There are internal negotiations at each step, says Stuart Shapiro, professor of public policy at Rutgers University and a former OMB employee. The OMB may demand steeper cuts from budget staffers at HHS, for example; HHS may send specific feedback down to CDC with suggestions for where and how to trim. This scrutiny is likely to be extra intense this year, given the Trump administration’s extraordinary steps to reduce government spending. In its first budget request delivered last May, the White House called for cuts of $1.2 billion from the CDC, $5.8 billion from the National Institutes of Health, and $2.5 billion from the Environmental Protection Agency. (For comparison, the last Republican president, George W. Bush, proposed increasing NIH funding by $2.8 billion in his first budget request and cutting funds for the EPA by $500 million.)
HHS staffers have been telling those at CDC and other agencies that it would be better to avoid any phrases that might attract extra notice from the budget-slashers higher up the chain. This is tactical advice: They want to bolster the CDC’s position during these negotiations. Levin suggests that words like vulnerable, entitlement, or diversity might annoy Republicans in Congress and make them less inclined to grant requested funds. But it seems more likely that the same advice is meant to ward off cuts from OMB Director Mick Mulvaney and his team of budget hawks; after all, they’ve been more tight-fisted than even congressional Republicans. (The latter rejected the Trump administration’s most dramatic cuts to science spending earlier this year.)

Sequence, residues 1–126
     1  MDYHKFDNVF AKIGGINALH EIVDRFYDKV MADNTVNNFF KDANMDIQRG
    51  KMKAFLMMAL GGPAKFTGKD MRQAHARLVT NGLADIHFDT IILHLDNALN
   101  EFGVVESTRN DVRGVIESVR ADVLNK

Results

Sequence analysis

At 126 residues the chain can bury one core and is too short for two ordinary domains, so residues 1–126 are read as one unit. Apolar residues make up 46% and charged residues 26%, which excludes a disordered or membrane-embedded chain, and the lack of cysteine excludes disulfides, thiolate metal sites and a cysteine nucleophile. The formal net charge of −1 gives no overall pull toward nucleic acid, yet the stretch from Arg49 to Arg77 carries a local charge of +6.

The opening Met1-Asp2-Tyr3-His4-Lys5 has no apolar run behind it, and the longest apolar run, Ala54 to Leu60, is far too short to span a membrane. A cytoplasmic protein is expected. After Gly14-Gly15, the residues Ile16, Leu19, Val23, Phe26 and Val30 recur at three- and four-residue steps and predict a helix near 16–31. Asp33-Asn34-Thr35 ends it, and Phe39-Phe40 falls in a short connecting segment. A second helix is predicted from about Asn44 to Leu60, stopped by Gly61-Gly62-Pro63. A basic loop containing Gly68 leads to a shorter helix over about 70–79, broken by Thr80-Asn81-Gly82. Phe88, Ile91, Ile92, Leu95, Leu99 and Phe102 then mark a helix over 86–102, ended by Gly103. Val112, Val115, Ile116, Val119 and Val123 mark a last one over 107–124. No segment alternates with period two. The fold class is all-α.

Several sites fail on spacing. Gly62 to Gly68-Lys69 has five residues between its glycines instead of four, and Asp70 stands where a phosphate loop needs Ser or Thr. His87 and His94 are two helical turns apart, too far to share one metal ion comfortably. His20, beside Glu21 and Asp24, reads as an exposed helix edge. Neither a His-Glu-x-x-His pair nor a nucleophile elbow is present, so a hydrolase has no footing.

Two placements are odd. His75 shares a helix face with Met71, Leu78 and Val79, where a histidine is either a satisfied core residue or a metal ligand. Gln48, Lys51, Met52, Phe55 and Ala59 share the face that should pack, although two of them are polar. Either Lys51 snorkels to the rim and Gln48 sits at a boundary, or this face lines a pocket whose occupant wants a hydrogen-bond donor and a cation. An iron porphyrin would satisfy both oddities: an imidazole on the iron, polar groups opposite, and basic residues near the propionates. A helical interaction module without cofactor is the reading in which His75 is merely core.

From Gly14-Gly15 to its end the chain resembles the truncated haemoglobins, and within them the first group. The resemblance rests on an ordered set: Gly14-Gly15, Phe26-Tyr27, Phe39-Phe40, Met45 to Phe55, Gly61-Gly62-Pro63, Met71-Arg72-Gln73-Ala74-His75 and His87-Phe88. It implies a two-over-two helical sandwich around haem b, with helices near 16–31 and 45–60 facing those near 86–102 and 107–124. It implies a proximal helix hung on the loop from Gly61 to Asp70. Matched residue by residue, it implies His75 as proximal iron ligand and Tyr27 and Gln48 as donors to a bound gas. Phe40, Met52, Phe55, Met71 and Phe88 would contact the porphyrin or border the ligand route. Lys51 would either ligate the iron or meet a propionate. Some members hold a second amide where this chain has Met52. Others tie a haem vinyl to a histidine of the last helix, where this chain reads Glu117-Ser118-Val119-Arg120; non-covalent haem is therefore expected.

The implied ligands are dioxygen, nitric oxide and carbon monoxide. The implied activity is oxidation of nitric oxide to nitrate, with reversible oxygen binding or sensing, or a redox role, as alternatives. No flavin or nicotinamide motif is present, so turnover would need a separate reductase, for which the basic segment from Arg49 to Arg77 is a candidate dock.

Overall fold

While back-and-forth discussions about budget documents may be normal, Shapiro says current staffers’ wariness of potential trigger words such as entitlement seems like something new. It’s also indicative of where we are today: Given this administration’s zeal for shrinking government and the radical polarization of political debate, it makes sense that bureaucrats would be doing whatever they can think of to protect their work from scrutiny. That is to say, their censorship is both strategic and self-imposed.